Bullying pays off for local theatre company
There are many reasons why plays have been written for Theatre Projects Manitoba over its 20 years, and a threat of physical violence is one of them.
Rick Chafe was a fledgling fringe festival playwright in the mid-’90s when TPM artistic director Bruce McManus strong-armed him with a demand for a script, or else. The result was his first full-length work, The Last Man and Woman on Earth (1998), a dark comedy in which Chafe explored large questions in his personal life. That play gave him the confidence to adapt Homer’s Odyssey and to pen his most successful work Shakespeare’s Dog, which debuted in 2008 at Ottawa’s National Arts Centre and subsequently at the Manitoba Theatre Centre and earlier this fall in Calgary.
“I don’t know if I would have even wandered down that path if it wasn’t for Bruce telling me he’d beat me up if I didn’t give him a play,” Chafe says.
Michael Nathanson did not encounter such coercion when TPM founding artistic director Harry Rintoul came to him in 1990 and promised the theatre would produce his next play. That turned out to be To Kill the Weatherman (1991), an important stepping stone for Nathanson, who was recently nominated for a 2009 Governor General’s Award for drama. After Weatherman, Nathanson directed The Resurrection of John Frum by Vern Theissen, another local playwright wannabe who won a GG in 2003.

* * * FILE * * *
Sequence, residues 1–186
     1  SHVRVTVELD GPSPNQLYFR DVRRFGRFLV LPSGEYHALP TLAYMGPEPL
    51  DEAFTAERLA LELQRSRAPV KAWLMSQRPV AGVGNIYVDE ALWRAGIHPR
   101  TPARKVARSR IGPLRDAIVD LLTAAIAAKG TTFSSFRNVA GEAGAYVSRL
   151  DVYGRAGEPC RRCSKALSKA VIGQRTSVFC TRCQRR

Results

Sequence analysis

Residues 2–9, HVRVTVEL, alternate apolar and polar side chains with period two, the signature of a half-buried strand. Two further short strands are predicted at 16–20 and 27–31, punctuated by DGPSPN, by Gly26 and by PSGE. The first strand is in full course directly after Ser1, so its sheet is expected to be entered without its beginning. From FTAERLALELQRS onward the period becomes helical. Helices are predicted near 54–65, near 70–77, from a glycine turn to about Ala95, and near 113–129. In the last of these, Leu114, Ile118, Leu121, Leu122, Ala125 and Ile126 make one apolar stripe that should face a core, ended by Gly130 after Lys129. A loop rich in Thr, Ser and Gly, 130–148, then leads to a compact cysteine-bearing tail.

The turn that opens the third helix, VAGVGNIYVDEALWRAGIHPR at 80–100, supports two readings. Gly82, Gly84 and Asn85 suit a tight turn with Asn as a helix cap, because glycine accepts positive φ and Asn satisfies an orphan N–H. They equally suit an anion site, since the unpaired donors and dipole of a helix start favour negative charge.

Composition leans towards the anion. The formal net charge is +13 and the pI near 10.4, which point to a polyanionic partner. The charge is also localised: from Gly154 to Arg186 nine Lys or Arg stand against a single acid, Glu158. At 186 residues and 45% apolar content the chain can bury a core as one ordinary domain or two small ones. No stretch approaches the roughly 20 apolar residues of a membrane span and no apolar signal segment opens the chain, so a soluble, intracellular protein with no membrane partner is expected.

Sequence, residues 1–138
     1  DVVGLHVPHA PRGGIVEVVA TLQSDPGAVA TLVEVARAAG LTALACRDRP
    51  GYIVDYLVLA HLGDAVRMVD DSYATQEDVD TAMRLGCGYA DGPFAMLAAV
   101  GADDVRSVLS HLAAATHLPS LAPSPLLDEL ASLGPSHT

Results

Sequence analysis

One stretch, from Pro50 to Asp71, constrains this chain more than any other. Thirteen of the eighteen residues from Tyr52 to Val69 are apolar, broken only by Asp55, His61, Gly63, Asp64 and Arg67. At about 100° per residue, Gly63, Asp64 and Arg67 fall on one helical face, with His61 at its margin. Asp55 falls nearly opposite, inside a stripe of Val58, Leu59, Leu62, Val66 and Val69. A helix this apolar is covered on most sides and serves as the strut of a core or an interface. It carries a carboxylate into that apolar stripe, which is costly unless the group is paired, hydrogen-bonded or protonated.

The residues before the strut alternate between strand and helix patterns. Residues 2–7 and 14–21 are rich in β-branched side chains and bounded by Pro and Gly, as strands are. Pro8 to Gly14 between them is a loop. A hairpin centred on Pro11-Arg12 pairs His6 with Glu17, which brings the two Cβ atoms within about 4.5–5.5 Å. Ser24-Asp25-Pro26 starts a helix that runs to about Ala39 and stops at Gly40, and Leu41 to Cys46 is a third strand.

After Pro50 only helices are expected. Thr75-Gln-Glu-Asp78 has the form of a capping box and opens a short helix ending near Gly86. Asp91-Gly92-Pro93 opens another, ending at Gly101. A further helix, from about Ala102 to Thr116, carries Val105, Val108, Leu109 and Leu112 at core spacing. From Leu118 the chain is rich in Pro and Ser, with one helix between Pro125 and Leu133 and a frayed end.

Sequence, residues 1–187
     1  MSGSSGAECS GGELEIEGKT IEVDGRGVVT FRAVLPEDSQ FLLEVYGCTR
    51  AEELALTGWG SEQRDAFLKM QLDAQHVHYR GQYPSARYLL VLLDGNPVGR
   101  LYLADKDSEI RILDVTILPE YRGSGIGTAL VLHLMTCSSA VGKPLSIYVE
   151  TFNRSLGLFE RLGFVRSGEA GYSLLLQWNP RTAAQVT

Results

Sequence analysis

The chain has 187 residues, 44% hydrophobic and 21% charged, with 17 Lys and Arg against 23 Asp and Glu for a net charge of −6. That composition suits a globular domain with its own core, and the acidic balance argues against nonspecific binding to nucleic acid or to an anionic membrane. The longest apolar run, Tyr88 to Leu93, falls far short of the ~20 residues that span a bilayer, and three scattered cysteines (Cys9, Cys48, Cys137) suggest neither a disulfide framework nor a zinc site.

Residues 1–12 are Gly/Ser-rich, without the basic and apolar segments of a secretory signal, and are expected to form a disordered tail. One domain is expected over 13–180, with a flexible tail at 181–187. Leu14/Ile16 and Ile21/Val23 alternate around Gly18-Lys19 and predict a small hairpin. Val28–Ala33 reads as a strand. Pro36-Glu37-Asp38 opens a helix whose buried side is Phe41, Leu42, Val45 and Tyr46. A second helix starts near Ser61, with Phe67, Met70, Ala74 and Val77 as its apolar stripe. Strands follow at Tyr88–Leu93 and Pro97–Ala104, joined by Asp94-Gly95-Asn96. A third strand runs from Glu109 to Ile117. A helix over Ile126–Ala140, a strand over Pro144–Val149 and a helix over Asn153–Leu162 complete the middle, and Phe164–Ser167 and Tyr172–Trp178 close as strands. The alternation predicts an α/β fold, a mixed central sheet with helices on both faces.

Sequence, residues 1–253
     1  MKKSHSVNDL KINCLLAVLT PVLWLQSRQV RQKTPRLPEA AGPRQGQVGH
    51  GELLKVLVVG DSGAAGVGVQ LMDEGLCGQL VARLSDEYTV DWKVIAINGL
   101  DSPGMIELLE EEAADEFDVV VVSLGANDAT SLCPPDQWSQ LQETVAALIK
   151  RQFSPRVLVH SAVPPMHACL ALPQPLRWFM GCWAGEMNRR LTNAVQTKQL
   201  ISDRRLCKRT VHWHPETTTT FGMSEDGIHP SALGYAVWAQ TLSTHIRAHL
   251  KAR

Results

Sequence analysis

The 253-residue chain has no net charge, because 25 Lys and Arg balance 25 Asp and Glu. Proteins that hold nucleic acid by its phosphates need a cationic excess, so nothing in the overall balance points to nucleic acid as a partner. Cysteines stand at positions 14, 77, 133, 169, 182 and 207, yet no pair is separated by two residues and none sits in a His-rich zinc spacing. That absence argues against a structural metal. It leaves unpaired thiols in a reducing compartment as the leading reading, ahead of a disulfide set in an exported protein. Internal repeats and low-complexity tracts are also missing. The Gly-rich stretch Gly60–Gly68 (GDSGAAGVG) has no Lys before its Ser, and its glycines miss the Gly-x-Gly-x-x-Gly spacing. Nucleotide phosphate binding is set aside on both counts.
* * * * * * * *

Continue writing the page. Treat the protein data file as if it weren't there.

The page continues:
“It was the great luxury of knowing our work would be done, that there was a theatre in Winnipeg that absolutely believed in us as playwrights and gave us early opportunities,” says Nathanson, WJT’s current artistic director.
As TPM begins its 20th season tonight with Linda Griffiths performing her solo work The Last Dog of War, its production history reads like a who’s who of Winnipeg theatre. Most were unknown quantities when TPM first focused the spotlight on them. There’s a lot more independent made-in-Manitoba work currently on the boards but that was not always the case.
“For a long time, Theatre Projects was the only company consistently commissioning and producing new Manitoba work every season,” Chafe says. “So it was putting a lot of playwrights’ work up in front of a non-fringe audience for the first time and doing the same for a lot of actors and directors and designers and technicians.”
TPM was born in 1990, the dream of playwright Harry Rintoul, who saw the deep need for a company dedicated to staging plays written and performed by Manitobans. The last troupe to try it, Agassiz Theatre, had closed in 1989. This time the theatre community fell in behind Rintoul, who died suddenly in 2002.
“There needed to be a place for Manitoba artists to get their feet wet,” says TPM’s fifth and present artistic director Ardith Boxall. “It was necessary then and still is.
“The problem with doing developmental work is that it’s not sexy. No one is throwing corporate sponsorships at you.”
Last season TPM played to 1,734 people, with the most popular production being Age of Arousal by Griffiths. Its 2009-10 budget is $210,000, a total that includes a new creations grant received to support next spring’s première of North Main Gothic by Winnipeg’s Carolyn Gray (The Elmwood Visitation).
“If Harry was alive today he would be excited,” says Boxall. “I think he would say we’re kicking ass.”
Getting such a prominent Canadian theatre figure as Griffiths (Maggie & Pierre) back here twice in one year is a coup for TPM. Last March she was here for a public reading of The Last Dog of War, a true story of a trip the Toronto actress/playwright made with her father to England for the last reunion of his Royal Air Force squadron. When she offered to take questions from the audience the first one was, ‘Can you read some more?’
“We had to find out how the mission ended,” says Boxall, who is staging Last Dog cabaret style at the Costume Museum of Canada, 109 Pacific Ave. “We thought it would be appropriate around Remembrance Day.”